Mortgage prisoners are those who are unable to leave current lenders due to circumstances deemed out of their control. This could be as a result of a lender becoming inactive or unable to provide new products. The situation escalated for many people following the financial crisis of 2008 where affordability and borrowing criteria were toughened.
It left many trapped with significantly higher rates and struggling to meet their monthly payments.
It is estimated that a quarter of a million people are currently deemed mortgage prisoners, meaning the situation has been ongoing for over a decade.
Highlighting the plight many people are currently facing, the topic of mortgage prisoners was discussed this evening on GB News.
Michelle Dewberry, a businesswoman and GB News presenter, spoke to Rachel Neale, lead campaigner for UK Mortgage Prisoners’.
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“But we are now in a position where there will be thousands more who could be made homeless on interest-only mortgages and people who cannot pass affordability.”
Ms Neale urged action on the matter similar to what has been seen for first-time buyers stepping up onto the property ladder.
The Government has recently launched a scheme to offer more 95 percent mortgages to those purchasing property for the first time.
But for Ms Neale, equivalent support is needed for those who have been trapped in older, and often unaffordable deals.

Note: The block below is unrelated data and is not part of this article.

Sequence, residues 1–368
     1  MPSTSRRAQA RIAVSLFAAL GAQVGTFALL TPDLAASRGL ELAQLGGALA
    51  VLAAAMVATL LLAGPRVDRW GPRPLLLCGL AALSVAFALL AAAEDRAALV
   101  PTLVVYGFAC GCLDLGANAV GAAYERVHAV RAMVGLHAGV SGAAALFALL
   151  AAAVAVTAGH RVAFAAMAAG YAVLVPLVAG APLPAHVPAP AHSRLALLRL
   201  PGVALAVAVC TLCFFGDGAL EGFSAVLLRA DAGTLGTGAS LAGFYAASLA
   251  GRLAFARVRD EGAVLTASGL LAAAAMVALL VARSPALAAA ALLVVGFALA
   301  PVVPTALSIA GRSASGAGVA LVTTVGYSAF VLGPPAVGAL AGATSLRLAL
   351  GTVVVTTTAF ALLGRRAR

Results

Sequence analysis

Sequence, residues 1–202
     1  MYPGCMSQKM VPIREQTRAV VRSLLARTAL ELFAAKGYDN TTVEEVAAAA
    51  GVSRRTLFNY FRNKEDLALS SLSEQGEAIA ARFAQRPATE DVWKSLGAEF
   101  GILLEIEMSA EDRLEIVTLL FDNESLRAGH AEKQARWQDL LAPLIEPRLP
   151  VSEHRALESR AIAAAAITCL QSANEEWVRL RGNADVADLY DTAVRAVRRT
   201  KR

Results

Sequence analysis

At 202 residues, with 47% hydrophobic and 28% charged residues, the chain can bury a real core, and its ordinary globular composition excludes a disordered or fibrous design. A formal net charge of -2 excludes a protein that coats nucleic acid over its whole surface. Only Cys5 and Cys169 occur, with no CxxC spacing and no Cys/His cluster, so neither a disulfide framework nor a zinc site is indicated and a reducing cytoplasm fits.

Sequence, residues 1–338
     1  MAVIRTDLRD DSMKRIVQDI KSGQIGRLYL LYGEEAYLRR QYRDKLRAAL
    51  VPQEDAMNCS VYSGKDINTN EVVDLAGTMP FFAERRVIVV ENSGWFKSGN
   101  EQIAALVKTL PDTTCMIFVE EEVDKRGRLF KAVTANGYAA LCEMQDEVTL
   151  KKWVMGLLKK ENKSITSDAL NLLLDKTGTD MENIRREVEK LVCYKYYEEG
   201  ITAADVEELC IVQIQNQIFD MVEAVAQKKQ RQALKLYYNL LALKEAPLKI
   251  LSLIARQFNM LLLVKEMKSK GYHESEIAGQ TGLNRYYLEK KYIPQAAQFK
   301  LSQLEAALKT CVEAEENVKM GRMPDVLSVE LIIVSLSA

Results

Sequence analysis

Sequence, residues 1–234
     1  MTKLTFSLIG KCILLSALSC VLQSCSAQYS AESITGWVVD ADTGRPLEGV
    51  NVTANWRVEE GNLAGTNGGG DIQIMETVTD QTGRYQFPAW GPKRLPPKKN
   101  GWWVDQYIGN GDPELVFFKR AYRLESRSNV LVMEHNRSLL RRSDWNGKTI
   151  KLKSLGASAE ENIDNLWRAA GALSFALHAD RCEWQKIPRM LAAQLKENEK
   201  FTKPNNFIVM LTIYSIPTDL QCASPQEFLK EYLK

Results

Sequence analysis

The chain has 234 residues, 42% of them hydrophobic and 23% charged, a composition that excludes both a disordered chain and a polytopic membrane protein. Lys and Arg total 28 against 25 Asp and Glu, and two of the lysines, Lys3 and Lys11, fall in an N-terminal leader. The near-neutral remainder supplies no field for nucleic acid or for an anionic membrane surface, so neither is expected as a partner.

She added: “Government has put us in this position, and they are the ones who need to remove us from it.
“We cannot have a situation where we continue on for years and years with people losing their homes, left in poverty and children not having the correct upbringing because their parents are having to pay ridiculous amounts of money.
“And all the time, we bailed out the banks as the collateral and it cannot continue on.
“We should’ve been protected and we weren’t. John Glen, the Financial Conduct Authority and Rishi Sunak all need to really do something about it.”
Also appearing on the programme was Vanessa Bampton, a mortgage prisoner who explained how a poor deal had affected her life.
She continued: “It has had a huge impact on me. When the children were younger, it was difficult because there were things we couldn’t afford.
“But it was just day to day living, paying bills and being able to have enough for grocery shopping – it has massively impacted us and our young family.
“Our children are older now and we’ve changed our situation, but it was gruesome – it really was.
“I would like to see preventative measures for future young buyers so that this kind of thing won’t happen again.”
The situation is ongoing for the group, but those who are impacted are encouraged to speak to a mortgage adviser about the matter.
Some may also be able to use remortgaging eligibility tools to see if they could be accepted under new rules.
Express.co.uk has contacted HM Treasury for comment on the matter.